58.com shares jump 50% on US debut

Confidence in Chinese companies listing in the US appears to be back after shares in the Beijing-based online marketplace soar.
The better-than-expected response from investors enabled 58.com to increase its price guidance during bookbuilding.
The better-than-expected response from investors enabled 58.com to increase its price guidance during bookbuilding.

Shares of 58.com jumped as much as 50% in the morning session of their debut trading day on the New York Stock Exchange, after the Beijing-based online marketplace priced its $187 million float at a price beyond the given range.

The book of the deal was strong with support from about 500 accounts. At the final pricing level, the overall book was more than 20 times covered, according to a source. Investors include Asia-based funds, the US tech community, as well as big global long-only and sovereign wealth funds.

The better-than-expected response from investors enabled the company to increase its price guidance during bookbuilding. The company was selling 11 million American Depositary Shares (ADS) at $13-$15, which was increased to $15-$16 on Tuesday.

Even having been raised, the final price was set at $17 per ADS, 30.8% higher than the original low end. The price represents a 2014 price-to-equity ratio of 29 times. Bankers said earlier that the company’s peers were trading at an average P/E of 24 times.

However, investors obviously believe that there is still room for profit, even though they need to make more commitments to get the shares.

A source said that, during the last days of bookbuilding, the company put a requirement on order size. Only those investor accounts with more than $15 million orders could be accepted. 

The shares closed up 41.9% at $24.12.

“Over the last painful months, it’s the best IPO window we had,” said a banker on the transaction.

Investor confidence in internet IPOs [is gradually coming back] as there has been a 30% surge of share prices in the sector, and many Chinese internet firms released financial results that have beat projections.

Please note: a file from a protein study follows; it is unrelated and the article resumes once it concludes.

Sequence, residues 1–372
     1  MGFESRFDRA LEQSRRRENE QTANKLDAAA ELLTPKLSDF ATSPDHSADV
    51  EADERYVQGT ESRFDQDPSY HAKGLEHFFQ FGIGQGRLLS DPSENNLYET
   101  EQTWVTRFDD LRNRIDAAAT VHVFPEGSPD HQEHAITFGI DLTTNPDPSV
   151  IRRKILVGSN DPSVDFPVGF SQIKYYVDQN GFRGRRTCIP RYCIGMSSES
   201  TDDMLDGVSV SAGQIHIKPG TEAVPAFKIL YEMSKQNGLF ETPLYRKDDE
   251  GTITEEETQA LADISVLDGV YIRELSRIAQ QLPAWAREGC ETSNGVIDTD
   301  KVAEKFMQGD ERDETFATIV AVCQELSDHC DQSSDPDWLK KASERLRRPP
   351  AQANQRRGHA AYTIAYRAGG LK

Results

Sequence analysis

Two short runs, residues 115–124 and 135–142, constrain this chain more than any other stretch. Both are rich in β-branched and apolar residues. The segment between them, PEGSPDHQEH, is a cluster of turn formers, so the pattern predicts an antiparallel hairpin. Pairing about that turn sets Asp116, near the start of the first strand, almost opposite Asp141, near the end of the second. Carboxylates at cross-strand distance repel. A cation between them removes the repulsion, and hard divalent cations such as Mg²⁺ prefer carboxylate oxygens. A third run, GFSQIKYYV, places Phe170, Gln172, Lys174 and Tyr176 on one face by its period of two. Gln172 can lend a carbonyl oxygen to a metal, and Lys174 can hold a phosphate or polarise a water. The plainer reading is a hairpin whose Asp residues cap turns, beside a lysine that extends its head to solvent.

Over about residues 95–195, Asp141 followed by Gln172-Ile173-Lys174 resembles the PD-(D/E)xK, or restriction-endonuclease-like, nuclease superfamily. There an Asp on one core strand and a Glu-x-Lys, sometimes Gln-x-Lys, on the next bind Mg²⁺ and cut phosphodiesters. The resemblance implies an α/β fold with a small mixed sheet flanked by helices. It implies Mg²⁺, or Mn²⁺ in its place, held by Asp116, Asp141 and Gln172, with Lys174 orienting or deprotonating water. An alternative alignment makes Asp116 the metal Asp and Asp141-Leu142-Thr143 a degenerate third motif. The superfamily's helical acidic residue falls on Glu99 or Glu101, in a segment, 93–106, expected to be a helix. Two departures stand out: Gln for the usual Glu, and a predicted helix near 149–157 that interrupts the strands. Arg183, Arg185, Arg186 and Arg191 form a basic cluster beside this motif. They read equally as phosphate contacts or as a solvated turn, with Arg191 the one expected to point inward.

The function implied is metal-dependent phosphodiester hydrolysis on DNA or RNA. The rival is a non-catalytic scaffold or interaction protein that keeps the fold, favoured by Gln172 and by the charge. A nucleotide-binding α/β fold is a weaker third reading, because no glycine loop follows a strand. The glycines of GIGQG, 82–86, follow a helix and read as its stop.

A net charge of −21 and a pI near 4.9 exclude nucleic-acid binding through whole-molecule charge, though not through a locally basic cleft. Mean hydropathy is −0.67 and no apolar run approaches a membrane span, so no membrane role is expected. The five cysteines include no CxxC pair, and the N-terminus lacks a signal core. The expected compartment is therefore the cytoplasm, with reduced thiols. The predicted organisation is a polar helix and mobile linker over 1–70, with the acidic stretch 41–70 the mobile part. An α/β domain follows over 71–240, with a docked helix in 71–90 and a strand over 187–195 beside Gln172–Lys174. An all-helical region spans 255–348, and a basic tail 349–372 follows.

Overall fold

Bankers do not think they are being too aggressive on price. “People care about the earning potential and the upsize of the price is a fact that clearly shows people are willing to come and pay the price,” said another banker.

58.com is not alone in seeing its shares jump on debut. And the share prices of other Chinese groups listed in the US market have surged over time. For example, Qihoo has gained 478%, Vipshop rose 935% and YY.com climbed 352% since listing.

The success of the IPO and debut suggests investors were willing to overlook two issues that could have had a detrimental effect on the listing.

On Monday, Liu Xuanfu, a founder shareholder of 58.com, filed a lawsuit against management, including the CEO of the company, alleging that his rights had been violated over an equity issue. The lawsuit came at a critical time - three days before the IPO pricing.

On the same day, a report from Muddy Waters Research, which questioned NetQin Mobile’s finances, dragged the group’s share price down as much as 62% over the following three days. The report also hit the shares of other US-listed Chinese internet firms, including Sohu, Changyou.com and Netease.

However, the negative news did not hinder the listing process of 58.com. The company, instead, increased its price range the next day, shrugging off some concern that the listing would be impacted.

Meanwhile, Baidu-controlled Chinese travel site Qunar has lifted the price guidance for its New York Stock Exchange listing to $12-$14 apiece, from $9.5-$11.5 as it seeks to raise up to $155.4 million.

The book was multiple times covered days ago and will be priced on Friday morning Hong Kong time, said a source familiar with the situation.

The listings of 58.com and Qunar, the first two in a string of Chinese internet companies looking to list in the market, have raised more market attention for the other listing hopefuls.

Online sports lottery operator 500.com and mobile internet platform Sungy Mobile have filed for their separate IPO on the NYSE for $150 million and $80 million, respectively. Both of them are expected to start a roadshow as soon as mid-November. Bankers said more will get ready to hit the market in the first quarter next year.

Citi, Credit Suisse and Morgan Stanley were bookrunners on the 58.com deal, while Deutsche Bank and Goldman Sachs are arranging the Qunar float with Stifel as the passive bookrunner. Deutsche Bank also helps 500.com’s listing while Credit Suisse and JP Morgan are leads on the Sungy transaction.


¬ Haymarket Media Limited. All rights reserved.
Share our publication on social media
Share our publication on social media